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Shakespeare's Sonnets - Sonnet 35
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Last updated: Fri, Jul 31, 2015
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Navigate this workShakespeare's Sonnets - Sonnet 35
The poet excuses the beloved by citing examples of other naturally beautiful objects associated with things hurtful or ugly. He then accuses himself of being corrupted through excusing his beloved’s faults.
No more be grieved at that which thou hast done.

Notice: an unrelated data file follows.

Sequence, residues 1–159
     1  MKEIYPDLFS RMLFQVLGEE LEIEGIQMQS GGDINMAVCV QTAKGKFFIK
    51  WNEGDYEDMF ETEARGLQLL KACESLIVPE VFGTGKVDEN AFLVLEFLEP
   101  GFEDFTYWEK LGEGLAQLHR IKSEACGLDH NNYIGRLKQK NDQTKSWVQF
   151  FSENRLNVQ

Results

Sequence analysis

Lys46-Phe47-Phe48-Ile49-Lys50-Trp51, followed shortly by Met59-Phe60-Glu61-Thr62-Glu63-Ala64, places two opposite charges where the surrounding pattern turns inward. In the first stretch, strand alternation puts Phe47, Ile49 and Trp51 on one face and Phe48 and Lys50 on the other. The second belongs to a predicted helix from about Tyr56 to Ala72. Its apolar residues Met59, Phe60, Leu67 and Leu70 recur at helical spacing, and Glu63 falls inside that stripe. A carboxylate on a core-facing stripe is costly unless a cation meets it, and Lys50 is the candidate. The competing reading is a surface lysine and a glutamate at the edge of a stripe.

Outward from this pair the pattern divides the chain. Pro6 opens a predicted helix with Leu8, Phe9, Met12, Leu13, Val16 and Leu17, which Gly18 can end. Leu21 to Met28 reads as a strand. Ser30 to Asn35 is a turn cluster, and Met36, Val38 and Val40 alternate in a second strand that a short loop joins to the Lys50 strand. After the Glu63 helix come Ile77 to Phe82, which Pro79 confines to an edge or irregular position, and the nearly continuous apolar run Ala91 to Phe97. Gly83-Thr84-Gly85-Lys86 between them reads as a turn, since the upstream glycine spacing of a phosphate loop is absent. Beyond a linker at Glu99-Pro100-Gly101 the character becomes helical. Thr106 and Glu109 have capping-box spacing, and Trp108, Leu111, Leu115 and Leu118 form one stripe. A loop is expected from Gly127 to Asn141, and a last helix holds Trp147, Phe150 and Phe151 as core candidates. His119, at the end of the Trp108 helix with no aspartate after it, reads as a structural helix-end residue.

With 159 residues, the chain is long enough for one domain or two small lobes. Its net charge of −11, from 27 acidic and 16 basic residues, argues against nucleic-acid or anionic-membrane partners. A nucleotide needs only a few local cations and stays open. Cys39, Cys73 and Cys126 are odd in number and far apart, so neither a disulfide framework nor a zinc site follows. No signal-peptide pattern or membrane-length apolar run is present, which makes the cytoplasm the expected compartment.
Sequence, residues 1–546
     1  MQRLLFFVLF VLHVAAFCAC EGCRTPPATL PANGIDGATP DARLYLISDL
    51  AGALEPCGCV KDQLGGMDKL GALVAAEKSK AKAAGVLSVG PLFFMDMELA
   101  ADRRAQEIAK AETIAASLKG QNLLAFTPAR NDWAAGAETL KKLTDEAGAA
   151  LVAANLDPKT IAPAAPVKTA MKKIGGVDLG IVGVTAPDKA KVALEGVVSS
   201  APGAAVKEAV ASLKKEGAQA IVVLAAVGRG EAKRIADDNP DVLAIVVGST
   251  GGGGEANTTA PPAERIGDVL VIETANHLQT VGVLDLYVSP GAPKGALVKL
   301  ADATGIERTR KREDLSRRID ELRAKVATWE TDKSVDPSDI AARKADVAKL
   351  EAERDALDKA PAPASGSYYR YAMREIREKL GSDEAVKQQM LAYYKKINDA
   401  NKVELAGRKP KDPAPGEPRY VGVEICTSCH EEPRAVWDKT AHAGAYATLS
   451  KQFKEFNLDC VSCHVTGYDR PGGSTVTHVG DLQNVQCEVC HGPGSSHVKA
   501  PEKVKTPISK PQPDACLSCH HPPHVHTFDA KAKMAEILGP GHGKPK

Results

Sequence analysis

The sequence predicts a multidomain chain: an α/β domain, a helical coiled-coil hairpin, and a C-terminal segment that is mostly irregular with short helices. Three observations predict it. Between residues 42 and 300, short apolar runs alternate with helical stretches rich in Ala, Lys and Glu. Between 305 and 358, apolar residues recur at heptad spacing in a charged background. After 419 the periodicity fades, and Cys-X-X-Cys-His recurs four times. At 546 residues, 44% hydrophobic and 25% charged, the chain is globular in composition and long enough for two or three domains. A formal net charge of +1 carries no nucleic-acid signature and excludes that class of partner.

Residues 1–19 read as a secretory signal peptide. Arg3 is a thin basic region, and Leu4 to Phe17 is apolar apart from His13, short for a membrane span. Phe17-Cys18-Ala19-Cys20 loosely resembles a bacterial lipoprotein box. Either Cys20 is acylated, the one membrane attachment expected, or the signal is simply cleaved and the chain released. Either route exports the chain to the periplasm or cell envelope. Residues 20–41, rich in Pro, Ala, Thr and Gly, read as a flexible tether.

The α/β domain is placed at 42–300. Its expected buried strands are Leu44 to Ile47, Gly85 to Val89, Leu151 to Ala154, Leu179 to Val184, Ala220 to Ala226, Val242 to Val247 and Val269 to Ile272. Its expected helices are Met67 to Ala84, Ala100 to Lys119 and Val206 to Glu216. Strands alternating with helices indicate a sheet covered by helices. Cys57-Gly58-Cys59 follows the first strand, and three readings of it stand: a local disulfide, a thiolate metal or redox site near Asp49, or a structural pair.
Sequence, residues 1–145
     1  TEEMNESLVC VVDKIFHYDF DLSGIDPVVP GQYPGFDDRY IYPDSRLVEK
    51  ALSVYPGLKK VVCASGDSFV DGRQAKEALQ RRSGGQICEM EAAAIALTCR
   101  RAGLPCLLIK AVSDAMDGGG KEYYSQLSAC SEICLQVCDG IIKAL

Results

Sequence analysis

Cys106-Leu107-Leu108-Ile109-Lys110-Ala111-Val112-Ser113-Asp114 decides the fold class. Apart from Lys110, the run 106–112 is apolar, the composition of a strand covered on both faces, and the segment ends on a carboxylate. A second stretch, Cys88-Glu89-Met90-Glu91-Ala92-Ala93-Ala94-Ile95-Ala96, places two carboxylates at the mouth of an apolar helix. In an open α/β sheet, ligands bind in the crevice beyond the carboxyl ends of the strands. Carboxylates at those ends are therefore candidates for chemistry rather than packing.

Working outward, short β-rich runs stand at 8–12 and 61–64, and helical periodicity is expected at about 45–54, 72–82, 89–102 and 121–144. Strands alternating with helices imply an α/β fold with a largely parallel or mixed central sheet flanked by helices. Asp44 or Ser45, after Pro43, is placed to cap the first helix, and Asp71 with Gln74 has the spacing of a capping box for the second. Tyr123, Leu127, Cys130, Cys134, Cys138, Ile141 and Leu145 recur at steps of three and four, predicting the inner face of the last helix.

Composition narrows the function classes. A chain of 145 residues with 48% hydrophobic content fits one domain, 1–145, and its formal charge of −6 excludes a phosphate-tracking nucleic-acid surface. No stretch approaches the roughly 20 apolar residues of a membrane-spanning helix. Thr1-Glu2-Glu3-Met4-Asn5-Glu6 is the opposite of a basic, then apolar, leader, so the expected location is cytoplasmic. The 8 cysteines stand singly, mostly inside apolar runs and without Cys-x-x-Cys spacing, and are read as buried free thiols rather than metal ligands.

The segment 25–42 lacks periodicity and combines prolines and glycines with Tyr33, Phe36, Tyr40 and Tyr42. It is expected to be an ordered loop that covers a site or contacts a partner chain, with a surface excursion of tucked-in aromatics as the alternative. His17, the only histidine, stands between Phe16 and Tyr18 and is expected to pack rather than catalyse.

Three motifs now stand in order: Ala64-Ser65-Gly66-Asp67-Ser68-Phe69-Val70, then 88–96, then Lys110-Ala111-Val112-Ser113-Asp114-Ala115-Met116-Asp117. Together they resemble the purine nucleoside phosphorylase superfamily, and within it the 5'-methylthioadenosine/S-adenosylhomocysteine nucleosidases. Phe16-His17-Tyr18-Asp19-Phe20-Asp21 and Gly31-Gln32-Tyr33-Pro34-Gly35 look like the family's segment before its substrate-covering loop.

Roses have thorns, and silver fountains mud;
Clouds and eclipses stain both moon and sun,
4And loathsome canker lives in sweetest bud.
All men make faults, and even I in this,
Authorizing thy trespass with compare,
Myself corrupting salving thy amiss,
8Excusing ⌜thy⌝ sins more than ⌜thy⌝ sins are.
For to thy sensual fault I bring in sense—
Thy adverse party is thy advocate—
And ’gainst myself a lawful plea commence.
12Such civil war is in my love and hate
That I an accessary needs must be
To that sweet thief which sourly robs from me.